We checked in to our dorms and they were double bed bunks, with flat screens! Five star hostel wow. Cooked up a delicious green curry for dinner and went for a walk after dinner. Once again asleep after midnight!

Day 5 – Holmavik to Akureyri

First stop of the day was the Icelandic Museum of Witchcraft and Sorcery, absolutely fascinating! All about the history of witches in Iceland and the continuing practice of it today.  Lots of grimoires with different spells, things like how to get wealthy, be healthy etc.  but also a bit more unusual were things like how to make your cat get pregnant without mating?  There were also necropants on display… disgusting. Essentially a witch would make a pact with a man that after he died he could dig him up, skin him from waist down, and then wear the skin like pants.  You would then put a coin in the scrotum and the idea was that while there was a coin in the scrotum you would have never-ending money! But you had to be careful because if you died wearing the necropants then your body would rot… nice!  History of witches in Iceland is different to other countries in that majority of the witches were men, of the 21 that were burnt only one was female.

Spent over an hour there before heading off, we drove steadily, stopped for lunch and some horse pictures. At one stage the mist was so thick we could barely see 5m ahead of us! Finally got to route 1 and said goodbye to the Westfjords.

Didn’t stop much as we had a 3:30pm booking for a beer spa! We got in a bit late but it wasn’t a problem. Black building (kind of unusual in Iceland) with snow capped mountains all around and sitting next to the lake, beautiful! We got changed into our robes – fancy, and were shown to our private beer spa room.  The tub is freshly filled just for us, literally filled with beer. We had 25 minutes in there, and there was a beer tap next to us which was drink as much as you want. Getting in it was a bit slimy to begin with but after a while it was really quite nice and our skin felt very soft.

Once our time was up we got shown upstairs to the “quiet” room, there were already a bunch of couples there, we got shown to our seats. The lady started wrapping Sian like a cocoon, and I just lost it I could not stop laughing. It was the most ridiculous thing, we were in a beer spa but were being treated like we were in a 5-star luxury beauty spa. The lady said as she was leaving that we didn’t have to stay for the full 25 minutes if we didn’t want to – haha ok. Anyway the room slowly cleared – probably because Sian and I kept giggling… we finished our 25 minutes then went downstairs to get dressed.  That was a great experience!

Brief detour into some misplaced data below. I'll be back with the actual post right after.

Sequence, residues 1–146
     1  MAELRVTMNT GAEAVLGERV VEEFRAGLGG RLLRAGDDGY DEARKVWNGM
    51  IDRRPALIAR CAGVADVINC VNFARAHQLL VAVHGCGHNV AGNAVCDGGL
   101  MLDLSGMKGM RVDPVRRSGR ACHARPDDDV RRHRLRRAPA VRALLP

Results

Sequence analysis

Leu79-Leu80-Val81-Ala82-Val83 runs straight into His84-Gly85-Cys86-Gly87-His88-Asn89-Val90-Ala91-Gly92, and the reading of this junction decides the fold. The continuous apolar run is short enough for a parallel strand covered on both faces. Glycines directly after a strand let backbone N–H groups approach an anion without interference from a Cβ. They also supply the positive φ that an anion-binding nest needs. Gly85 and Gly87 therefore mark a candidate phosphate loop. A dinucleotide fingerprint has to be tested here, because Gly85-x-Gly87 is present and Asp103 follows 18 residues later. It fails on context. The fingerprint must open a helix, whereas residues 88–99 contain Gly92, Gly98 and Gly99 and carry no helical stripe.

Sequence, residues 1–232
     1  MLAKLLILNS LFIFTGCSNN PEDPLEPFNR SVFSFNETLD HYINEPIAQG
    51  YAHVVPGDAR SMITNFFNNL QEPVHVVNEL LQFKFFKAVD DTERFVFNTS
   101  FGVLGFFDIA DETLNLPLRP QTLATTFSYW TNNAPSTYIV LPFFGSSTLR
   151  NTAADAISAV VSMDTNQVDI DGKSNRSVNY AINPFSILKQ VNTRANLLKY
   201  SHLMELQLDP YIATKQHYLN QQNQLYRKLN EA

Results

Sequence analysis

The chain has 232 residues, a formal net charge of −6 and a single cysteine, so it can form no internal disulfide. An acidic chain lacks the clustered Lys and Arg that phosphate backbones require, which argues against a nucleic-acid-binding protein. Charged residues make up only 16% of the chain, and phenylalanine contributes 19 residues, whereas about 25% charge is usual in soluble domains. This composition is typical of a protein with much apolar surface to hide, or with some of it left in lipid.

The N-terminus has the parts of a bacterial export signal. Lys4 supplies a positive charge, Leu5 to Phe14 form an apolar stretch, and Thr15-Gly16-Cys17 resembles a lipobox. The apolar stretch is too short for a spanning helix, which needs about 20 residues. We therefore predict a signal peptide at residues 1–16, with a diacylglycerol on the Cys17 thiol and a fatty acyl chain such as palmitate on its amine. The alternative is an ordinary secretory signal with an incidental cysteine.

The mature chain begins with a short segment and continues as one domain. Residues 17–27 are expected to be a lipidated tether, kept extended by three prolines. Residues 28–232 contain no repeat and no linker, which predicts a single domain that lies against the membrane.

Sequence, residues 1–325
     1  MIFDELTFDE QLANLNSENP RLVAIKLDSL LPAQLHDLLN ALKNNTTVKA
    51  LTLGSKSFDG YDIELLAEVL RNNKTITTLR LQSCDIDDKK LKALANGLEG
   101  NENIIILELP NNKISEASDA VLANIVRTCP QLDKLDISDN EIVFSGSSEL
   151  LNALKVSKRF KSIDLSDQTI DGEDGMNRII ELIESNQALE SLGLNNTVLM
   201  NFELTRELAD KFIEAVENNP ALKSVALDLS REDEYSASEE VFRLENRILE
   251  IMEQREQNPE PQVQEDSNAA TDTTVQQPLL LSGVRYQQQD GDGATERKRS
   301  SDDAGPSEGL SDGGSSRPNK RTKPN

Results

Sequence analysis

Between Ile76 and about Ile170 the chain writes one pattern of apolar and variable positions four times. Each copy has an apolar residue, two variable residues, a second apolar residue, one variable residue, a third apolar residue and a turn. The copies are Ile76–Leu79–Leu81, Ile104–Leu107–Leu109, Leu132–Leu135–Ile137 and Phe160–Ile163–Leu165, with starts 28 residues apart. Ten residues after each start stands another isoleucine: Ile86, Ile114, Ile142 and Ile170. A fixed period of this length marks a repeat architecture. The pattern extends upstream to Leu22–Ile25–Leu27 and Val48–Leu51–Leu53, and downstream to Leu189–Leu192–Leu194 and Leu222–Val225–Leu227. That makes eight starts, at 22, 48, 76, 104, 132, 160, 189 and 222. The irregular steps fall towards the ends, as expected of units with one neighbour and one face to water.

We drove about 30 minutes to get to Akureyri – the self proclaimed capital of the north and our stay for the night.  We were too tired to cook dinner so we got something from the bar – I had a salmon with mash and a green sauce, amazing!

After dinner we went for a walk around the town, the best part about midnight sun is being able to go for late night walks. Went back to the room and were bed by 11 (earliest night so far!)

Day 6 – Akureyri to Husavik

We had a full day of sightseeing today and were out the door at 9am. First stop was Godafoss, gotta say it is quite obvious that we are now back on the tourist route! So many people everywhere! It was raining a bit so we didn’t stay out too long, did a bit of a walk and took a few photos then back in the car.

Next stop was Skutustadir – a bunch of craters that had been made from lava hitting the water causing explosions which had then made super craters. Really beautiful!


We headed towards Dimmuborgir, stopping along the way for lunch.  Dimmuborgir is a large field with unusually shaped lava and caves, all black formations but surrounded by greenery.  We did one of the shorter walks only about 20 minutes, which was probably enough.

Lunch enroute to Dimmuborgir

Next up was Namafjall, the closer we got the stronger the sulphur smell!  Namafjall was a bunch of hot springs, all bubbling and steaming. Signs everywhere saying do not touch (something tells me in the past a real intelligent person decided to touch the bubbling water). We did a quick walk around because it was raining, despite the rain it was quite warm because of the hot springs.

We drove through Krafla to get to Viti. Krafla is a geothermal power station, pipes everywhere including a tunnel shaped section so cars can drive through. Viti was a crater with a hot spring in the middle (again signs saying do not touch because 100 degrees!) beautiful milky blue colour.


We were pretty tired at this stage so were keen for our last stop – Myvatn Nature Baths.

Arrived at 3pm to the baths, it was our alternative to going to the Blue Lagoon and it did not disappoint. We got changed into our swimmers, raced outside into the cold and got in the pool. Different pools ranging from 36 to 41 degrees. We had bought beer bracelets which meant we just stuck our hand in the air and they would come get our beer for us – Bueno! We spent almost 2 hours there tried out each of the pools – took some photos that did not look like the travel bloggers we have seen.

Myvatn Nature Baths
Expectation vs Reality

Back on the road, stopped at a small grocer for some dinner ingredients. We continued on, took a wrong turn down a random dirt road and interrupted a wedding photoshoot, oops! Finally arrived at our hostel, another farm yay! Had leftover curry, made some corn fritters for lunch the next day. Had a walk around to look at the horses and cows then went to bed!

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Hey, I'm Shannon!
I've been travelling since I was 6 years old and have been lucky enough to visit 70 countries! From overlanding through Africa and road-tripping in Samoa to Salsa-ing in Cuba and visiting wineries in India. I love new adventures and can't wait to share them with you in this blog!